We don’t know. We don’t know for sure exactly how either Jesus or Abram, yet to be Abraham, felt at any given moment or whether they might have been plagued by an unsure confidence in God’s covenant with them. We aren’t given access to their thoughts—all we see are their actions. What we see in Abram’s, despite God’s graphic assurances and the self-vowing rite, is that even after all this there was still enough doubt to make him attempt on his own, in his own wisdom and that of his wife Sarai, the accomplishment of what he was afraid God had failed to do, attempting to provide a son for himself by his wife’s servant, Hagar. And that didn’t work out well. This, of course, is what we always tend to do if we start to feel that we can’t really trust God to really be God. If we can’t trust God to protect us, we will protect ourselves, using whatever tactics we might come up with, blessed by God or otherwise. If we don’t feel that God will bring about justice, we go after it ourselves, sometimes becoming just as unjust in our seeking as those we act against, fire fighting fire and igniting a firestorm. If we don’t feel that God will honor His covenant with us, we will seek to make covenants with other powers and gods, and so doing become blind to God’s active presence where it is and insensitive to God speaking to us when He does. Like all humans do sometimes, Abram to be Abraham fell prey to this temptation, seeking to do what he was afraid God wouldn’t do by means that were less than wise. But fortunately for him and for Sarah and for us, God did not ever doubt His own covenant nor give up on erring humans.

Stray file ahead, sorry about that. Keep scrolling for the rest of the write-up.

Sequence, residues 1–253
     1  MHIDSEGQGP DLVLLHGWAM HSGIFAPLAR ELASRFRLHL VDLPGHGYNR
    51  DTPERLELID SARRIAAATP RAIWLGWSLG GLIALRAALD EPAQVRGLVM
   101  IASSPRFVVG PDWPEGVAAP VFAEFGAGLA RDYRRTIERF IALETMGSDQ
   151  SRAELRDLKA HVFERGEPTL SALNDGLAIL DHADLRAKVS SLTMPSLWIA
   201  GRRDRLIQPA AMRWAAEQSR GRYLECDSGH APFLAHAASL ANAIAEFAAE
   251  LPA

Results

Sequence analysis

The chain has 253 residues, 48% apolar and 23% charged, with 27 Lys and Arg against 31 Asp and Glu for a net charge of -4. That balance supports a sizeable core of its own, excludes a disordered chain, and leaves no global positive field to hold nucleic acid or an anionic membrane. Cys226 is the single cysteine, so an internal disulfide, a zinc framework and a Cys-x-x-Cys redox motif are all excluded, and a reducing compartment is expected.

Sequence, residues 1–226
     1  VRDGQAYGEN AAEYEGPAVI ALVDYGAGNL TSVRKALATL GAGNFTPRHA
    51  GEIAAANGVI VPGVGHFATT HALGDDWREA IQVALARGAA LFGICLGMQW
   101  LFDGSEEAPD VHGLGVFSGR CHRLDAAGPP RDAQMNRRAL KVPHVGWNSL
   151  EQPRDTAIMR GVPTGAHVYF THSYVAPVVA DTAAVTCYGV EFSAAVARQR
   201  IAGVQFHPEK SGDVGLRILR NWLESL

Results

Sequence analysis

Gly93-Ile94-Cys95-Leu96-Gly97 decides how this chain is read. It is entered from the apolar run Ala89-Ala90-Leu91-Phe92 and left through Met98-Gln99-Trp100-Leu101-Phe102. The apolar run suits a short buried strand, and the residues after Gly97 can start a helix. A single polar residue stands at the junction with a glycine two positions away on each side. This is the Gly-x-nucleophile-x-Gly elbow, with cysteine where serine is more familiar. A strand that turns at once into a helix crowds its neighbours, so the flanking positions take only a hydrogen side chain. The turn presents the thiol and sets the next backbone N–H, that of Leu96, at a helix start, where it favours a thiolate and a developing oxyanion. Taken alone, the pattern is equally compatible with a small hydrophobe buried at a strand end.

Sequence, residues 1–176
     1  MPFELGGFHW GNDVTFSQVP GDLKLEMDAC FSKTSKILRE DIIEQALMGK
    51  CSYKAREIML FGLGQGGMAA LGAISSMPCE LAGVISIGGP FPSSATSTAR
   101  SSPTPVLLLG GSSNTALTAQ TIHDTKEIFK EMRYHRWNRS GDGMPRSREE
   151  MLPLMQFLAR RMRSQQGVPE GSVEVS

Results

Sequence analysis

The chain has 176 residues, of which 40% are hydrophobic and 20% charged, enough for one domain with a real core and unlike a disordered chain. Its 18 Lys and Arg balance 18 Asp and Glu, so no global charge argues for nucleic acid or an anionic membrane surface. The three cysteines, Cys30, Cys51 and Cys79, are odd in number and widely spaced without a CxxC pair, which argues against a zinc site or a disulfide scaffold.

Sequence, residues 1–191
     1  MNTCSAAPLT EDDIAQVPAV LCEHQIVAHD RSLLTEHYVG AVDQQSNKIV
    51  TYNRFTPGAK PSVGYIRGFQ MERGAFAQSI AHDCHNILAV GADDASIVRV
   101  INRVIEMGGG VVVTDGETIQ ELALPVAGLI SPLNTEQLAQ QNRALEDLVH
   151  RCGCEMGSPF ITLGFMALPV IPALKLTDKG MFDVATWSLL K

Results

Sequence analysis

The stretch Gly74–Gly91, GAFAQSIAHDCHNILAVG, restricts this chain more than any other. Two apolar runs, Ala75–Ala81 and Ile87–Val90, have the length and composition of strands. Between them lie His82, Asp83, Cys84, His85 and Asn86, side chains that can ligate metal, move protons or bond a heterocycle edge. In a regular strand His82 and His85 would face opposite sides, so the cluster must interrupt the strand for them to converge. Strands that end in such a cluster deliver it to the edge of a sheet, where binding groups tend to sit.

And as for Jesus, even when He might have wondered, might have feared that the Father had given up on Him, had failed to honor what had been said before, “This is My Son, the Beloved in whom I am well –pleased,” Jesus did not give in to His fears. He certainly could have. As He looked at Jerusalem in pain, He could have chosen a road to walk which was less painful, but also not the way of God. When on the cross, crying pain “My God, My God,” He could have chosen to forget the plan, forget the covenant , and lash out in anger and hate at those who tortured Him and killed Him. But He did not. As He did not give in to temptation in the desert, or at the cross, He did not give in while on the road. Rather, although sometimes unsure of what God was doing in Him, Jesus chose to believe with the psalmist that “He will hide Me in His shelter on the day of trouble—God will lift up My head above My enemies—if mother and father and friends forsake Me, God will lift Me up, and I believe I will see the goodness of the Lord in the land of the living.”
And because He did—went to Jerusalem, even unsure of the plan, but trusting surely in God, He became for us the self-giving of God for our salvation. In Him, the assurance of God’s presence was guaranteed, not through a sacrificial ritual involving birds and rams, but in the cross of God’s Son. For it is in Him, that we are promised—and in Him that the promises are sealed.
Not that we will still always be sure. Not that we will still always be confident, and certainly not that we will ever always understand everything going on about us and in us. We will be sorely tempted as were Abraham and Sarah, and as was Jesus to forsake the path and go our own way, secure ourselves by our own means, interact with the world in our own broken wisdom and fragmented strength. If we do, we will go wrong, although God may well bring us back. But if we refuse with Jesus to let loose of
covenant –faith, the faith for which He has become our Rock, we will be able with the psalmist to “Wait for the Lord—be strong and take courage! Wait for the Lord!” And the One who came in the name of the Lord will carry us into Jerusalem and through it, God’s sure sign and seal that we will see, come what may, the goodness of the Lord in the land of the living. +++